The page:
Plays the Music of Jim & William Reid (1991)
01. Never Understand (3:07)
02. Everything’s Alright When You’re Down (2:36)
03. The Hardest Walk (2:24)
04. Break Me Down (2:31)
Salutes the Magic of the Fall (1991)
05. Totally Wired (3:56)
06. Bingomaster’s Breakout (2:48)
07. The Dice Man (1:52)
08. Container Drivers (6:47)
Executes Miles Davis Numbers (1992)
09. Eighty-One (1:24)
10. Four (1:50)
11. Seven Steps to Heaven (1:59)
12. Half Nelson (1:07)
13. Version City (3:23)
14. New Rose (2:52)
15. Bodies (2:26)
CD, Fax, 1993
Most beloved of all of Pete Namlook’s trance-techno sides, the twelve inch of “Sequential” by Sequential, made with DJ Criss and given a wide release on Rising High, remains a stone-cold classic. It liberally borrows its squiggly atmospheric opening from the first Red Planet twelve, but when those majestic synth chords kick in and the bass starts to bubble, and then that choir starts tickling your synapses, it’s the start of a delicious strobelit trip. The accompanying album was harder to find, though many of its ambient-trance grooves up across various other twelves.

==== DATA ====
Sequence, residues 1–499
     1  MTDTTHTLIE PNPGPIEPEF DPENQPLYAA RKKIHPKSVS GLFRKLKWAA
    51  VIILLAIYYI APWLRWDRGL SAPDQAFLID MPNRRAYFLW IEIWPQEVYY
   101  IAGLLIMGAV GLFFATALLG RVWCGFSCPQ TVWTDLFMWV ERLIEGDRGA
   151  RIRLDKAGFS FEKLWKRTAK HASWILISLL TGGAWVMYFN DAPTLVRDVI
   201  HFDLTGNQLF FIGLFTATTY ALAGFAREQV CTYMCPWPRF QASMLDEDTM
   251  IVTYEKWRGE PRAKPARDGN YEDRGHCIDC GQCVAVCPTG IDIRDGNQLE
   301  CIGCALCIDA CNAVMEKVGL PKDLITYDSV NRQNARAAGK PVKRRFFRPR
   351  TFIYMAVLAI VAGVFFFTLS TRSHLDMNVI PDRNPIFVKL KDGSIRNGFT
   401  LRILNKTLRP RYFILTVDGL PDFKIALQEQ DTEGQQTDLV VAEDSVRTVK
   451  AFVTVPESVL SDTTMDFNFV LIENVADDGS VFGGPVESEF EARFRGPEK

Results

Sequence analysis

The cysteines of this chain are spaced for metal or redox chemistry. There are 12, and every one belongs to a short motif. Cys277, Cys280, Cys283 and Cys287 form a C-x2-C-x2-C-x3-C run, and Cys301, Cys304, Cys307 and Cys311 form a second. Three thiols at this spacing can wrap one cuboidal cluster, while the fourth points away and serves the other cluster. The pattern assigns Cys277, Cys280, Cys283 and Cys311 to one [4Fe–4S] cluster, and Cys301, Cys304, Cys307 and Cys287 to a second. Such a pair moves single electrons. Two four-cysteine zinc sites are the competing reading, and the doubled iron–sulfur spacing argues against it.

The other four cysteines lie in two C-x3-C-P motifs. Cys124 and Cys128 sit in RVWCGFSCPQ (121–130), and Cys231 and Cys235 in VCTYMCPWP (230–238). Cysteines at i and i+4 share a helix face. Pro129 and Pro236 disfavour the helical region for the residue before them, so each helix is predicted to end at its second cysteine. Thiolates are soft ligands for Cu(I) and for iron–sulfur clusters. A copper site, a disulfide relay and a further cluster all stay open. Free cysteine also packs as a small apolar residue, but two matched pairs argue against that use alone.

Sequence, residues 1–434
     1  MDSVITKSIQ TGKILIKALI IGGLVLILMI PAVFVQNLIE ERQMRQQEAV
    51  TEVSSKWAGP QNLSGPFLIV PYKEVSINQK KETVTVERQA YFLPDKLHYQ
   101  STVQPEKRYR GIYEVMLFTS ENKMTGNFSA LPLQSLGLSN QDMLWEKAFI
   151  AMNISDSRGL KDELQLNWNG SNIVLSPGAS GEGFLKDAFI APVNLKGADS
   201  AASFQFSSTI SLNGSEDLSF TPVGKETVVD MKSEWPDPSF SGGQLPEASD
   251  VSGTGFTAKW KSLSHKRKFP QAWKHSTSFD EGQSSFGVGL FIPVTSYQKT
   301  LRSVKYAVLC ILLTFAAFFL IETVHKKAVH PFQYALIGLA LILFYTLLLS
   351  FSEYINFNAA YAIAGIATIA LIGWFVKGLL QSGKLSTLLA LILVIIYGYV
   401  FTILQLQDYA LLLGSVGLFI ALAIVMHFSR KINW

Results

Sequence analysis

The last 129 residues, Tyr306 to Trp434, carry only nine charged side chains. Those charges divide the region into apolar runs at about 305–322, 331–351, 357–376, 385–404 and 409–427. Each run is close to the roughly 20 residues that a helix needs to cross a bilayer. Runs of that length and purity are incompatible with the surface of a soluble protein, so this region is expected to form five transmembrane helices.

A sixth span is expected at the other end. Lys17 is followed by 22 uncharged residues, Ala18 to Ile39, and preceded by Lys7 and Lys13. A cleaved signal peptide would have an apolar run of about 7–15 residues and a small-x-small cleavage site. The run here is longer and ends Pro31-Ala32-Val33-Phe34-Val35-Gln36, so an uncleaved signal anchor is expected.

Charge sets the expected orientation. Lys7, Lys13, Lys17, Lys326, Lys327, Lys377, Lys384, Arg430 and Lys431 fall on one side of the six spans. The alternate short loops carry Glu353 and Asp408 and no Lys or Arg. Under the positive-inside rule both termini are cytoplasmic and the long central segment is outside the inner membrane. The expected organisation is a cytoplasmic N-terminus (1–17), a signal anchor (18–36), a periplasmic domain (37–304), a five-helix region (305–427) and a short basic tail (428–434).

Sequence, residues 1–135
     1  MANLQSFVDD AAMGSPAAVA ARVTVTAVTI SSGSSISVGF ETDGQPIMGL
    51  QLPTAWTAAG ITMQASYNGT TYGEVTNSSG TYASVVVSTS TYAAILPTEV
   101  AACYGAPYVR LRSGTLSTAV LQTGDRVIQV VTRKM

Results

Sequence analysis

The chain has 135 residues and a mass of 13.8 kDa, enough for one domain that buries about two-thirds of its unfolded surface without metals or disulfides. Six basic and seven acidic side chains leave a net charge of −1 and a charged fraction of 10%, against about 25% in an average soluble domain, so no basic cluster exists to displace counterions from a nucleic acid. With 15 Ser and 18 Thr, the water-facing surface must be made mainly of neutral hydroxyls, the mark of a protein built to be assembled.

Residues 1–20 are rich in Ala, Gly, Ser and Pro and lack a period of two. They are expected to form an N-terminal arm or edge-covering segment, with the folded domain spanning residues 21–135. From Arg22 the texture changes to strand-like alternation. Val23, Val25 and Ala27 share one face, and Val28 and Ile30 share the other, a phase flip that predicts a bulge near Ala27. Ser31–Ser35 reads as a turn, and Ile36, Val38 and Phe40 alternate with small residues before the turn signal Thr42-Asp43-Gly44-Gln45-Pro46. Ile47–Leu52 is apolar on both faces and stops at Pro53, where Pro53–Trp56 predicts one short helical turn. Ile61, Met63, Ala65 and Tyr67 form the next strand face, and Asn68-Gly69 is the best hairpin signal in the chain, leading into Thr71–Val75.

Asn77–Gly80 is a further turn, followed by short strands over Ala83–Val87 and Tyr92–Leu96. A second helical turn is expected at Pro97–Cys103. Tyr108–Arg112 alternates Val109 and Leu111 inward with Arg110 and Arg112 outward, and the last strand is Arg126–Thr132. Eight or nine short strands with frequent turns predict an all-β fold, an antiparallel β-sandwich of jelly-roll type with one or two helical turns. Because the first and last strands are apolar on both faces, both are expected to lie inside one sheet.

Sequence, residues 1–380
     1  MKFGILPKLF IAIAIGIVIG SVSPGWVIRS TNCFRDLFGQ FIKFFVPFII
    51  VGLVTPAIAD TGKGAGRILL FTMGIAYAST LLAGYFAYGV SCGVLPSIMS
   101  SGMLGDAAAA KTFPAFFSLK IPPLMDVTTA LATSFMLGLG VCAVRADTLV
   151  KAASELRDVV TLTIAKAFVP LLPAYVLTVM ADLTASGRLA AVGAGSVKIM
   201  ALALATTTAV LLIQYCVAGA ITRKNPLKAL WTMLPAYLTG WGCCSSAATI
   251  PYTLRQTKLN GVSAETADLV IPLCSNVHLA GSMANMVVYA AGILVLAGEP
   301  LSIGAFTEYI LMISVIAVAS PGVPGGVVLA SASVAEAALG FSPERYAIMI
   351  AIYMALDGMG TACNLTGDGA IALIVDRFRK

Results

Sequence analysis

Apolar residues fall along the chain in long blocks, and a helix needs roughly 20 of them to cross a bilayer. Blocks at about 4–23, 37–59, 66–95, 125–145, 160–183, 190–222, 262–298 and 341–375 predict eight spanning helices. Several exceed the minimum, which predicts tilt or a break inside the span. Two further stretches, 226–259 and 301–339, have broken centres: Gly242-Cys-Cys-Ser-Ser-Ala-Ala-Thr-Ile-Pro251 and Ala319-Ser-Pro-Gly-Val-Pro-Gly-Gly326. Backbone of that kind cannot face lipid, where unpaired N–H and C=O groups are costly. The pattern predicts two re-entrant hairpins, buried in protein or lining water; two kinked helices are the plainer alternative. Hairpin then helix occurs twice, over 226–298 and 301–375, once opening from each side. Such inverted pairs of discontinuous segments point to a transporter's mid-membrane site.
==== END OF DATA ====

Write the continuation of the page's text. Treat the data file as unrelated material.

01. Sequential (6:51)
02. 20.000 Leagues Under the Sea (6:59)
03. A Trip to Paradise (9:24)
04. Sonne (5:23)
05. Saturn Cruises (11:29)
06. Duane Sky (5:36)
07. X-Ray Delta One (8:28)
08. Ambient Block – Sequenchill/Mission Control #2/Lost in the Sea (15:57)
09. Everything is Under Control (6:48)